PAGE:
PIRELLI’S AMBULANCE MAN
Over the course of a grand prix weekend, Pirelli’s racing manager Mario Isola oversees the Italian tyre company’s F1 operations. But when he’s back home in Milan, he moonlights as a volunteer ambulance driver…
Mario Isola on his life in tyres – and his sideline in lifesaving
Like many cultured Europeans of a certain age, Mario Isola, 48, exudes urbane charm: think grey cashmere sweater and neat coiffure. The man responsible for Pirelli’s F1 operations invites us into the sanctuary of the tyre supplier’s motorhome and orders an espresso, keen to explain his work not only in Formula 1, but also on the streets of his home city. He’s been with Pirelli for 22 years – his whole working life – which has taken him from designing tyres for road cars to a role in the FIA World Rally Championship. Then, at the beginning of last season, he took over from Paul Hembery and now handles Pirelli’s day-to-day trackside operations in F1.
Isola’s passion for racing began when he was just 11 years old. He spotted an advert in the back of a magazine for a cheap kart, and badgered his father to buy it for him. He demonstrated a decent turn of speed, so his father upgraded his kart and began to act as his mechanic. Racing in northern Italy, Isola came up against future F1 driver Max Papis and sportscar racer Christian Pescatori. “When I was at a tyre test in the US some years ago,” Isola recalls, “Papis came up to me and said: ‘Your face is not new to me, where did we meet?’ I reminded him we raced together when we were 15 and he remembered. Now we stay in touch to this day.”
After ten years of karting (“I was not quick enough to be a champion”) Isola hung up his helmet and completed his compulsory year’s national service, before studying mechanical engineering in Milan. Once qualified, he applied for a job designing Pirelli’s tyres – but was offered another role altogether. “They wanted me to be a test driver for their road tyres,” says Isola. “I thought it was a joke, but apparently one of their testers had just resigned. I went to their test track so they could see my skills behind the wheel. But they said nothing at the time. I didn’t think I was very good. Two weeks later they gave me the job.”
Isola happily knuckled down to ragging cars around a test track to evaluate prototype tyres for their comfort and speed. He progressed from testing Pirelli’s products to designing them, working on a range of snow tyres for road cars. But his passion for motorsport still burned, and he eventually steered himself into the racing department. His first line of work was designing tyres for the FIA GT Championship, which brought him into contact with one of the engineering legends of the sport: Giorgio Ascanelli, formerly Ayrton Senna’s engineer at Mclaren, later, from 2007 to 2012, technical director at Toro Rosso. But in the early 2000s, Ascanelli was overseeing Maserati’s MC12 sportscar project, which ran on Pirelli rubber designed by Isola.“i learned a lot in those years working with Giorgio,” Isola maintains. “He was tough sometimes, but had a lot of experience and we won the championship together.”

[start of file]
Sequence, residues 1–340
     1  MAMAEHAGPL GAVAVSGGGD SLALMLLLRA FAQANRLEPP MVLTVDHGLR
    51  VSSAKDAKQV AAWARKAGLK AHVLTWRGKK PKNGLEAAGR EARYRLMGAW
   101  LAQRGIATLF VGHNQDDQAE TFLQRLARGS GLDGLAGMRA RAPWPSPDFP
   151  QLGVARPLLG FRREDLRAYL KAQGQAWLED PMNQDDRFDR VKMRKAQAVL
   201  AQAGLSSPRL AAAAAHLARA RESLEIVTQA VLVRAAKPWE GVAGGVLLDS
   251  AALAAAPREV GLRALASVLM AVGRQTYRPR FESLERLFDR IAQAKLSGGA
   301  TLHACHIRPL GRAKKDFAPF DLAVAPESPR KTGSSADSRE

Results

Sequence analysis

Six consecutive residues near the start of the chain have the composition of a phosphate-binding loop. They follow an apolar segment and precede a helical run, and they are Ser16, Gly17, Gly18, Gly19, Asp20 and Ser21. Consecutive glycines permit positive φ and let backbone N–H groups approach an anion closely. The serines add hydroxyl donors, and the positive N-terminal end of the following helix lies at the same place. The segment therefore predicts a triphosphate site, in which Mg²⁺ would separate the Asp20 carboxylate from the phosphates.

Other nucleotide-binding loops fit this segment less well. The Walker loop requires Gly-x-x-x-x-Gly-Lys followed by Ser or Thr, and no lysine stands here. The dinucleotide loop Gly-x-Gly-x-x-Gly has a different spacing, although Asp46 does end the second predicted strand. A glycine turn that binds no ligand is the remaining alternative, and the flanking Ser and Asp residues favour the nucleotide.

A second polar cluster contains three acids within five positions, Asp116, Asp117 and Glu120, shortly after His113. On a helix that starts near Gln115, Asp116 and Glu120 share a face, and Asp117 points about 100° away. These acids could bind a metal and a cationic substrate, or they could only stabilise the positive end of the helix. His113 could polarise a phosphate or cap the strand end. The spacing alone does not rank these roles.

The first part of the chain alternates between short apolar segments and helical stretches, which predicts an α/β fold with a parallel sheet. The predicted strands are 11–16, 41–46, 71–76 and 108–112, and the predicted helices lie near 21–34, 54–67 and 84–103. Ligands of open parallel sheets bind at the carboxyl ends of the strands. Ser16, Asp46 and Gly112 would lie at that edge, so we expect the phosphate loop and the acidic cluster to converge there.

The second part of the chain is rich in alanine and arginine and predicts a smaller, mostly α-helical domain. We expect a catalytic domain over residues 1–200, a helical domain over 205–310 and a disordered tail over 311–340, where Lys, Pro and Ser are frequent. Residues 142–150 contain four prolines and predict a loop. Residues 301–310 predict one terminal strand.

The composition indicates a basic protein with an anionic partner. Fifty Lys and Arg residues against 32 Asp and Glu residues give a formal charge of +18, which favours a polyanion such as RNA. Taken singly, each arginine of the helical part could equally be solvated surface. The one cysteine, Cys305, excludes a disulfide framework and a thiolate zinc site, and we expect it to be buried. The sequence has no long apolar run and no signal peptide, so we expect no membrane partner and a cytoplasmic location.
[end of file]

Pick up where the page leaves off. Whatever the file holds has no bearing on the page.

At the end of their association with sportscars, Pirelli switched to rallying, becoming sole tyre supplier to the
FIA World Rally Championship from 2008-10. They then developed tyres for the GP3 series as a precursor to becoming sole supplier for GP2 and F1 from 2011, following the departure of Bridgestone. So now, Isola’s day job encompasses all aspects of Pirelli’s F1 operation – but that doesn’t mean he puts his feet up once he returns home from a grand prix. Instead he works night shifts as a volunteer ambulance driver. It’s a job he’s been doing for nearly three decades.
“Over the years I’ve become passionate about the work,” he says. “The more time I spent driving the ambulance, the more I realised it’s a job that needs specific training. You have four medics, plus the injured person and family members, so you are responsible for the safety of up to seven people and you need to be very fluid with your driving, otherwise you can cause additional damage to the patient. You have to respect the traffic laws – if you kill someone because you don’t respect the traffic lights, you are responsible – but obviously in an emergency you still have to be quick. An ambulance is heavy, there is equipment on board, so you need to understand the weight and how to brake and corner in the best possible way.”
With all this in mind, Isola designed a course to train ambulance drivers that is now used by 100 instructors across the Lombardy region of Italy, and up to 5,000 drivers have come through the programme. “People with a normal day job are obliged to volunteer to drive one night shift a week,” he explains. “And at weekends 90 per cent of the ambulance service are volunteers. We start at 7pm and finish at five in the morning. There’s enough time afterwards to go home, take a shower and go to work.”
So the next time you’re in Milan and see a flashing blue light whizzing past, take a moment to think of the volunteers who help out with this crucial service, even when they have hectic day jobs – such as running Pirelli’s F1 tyre operation.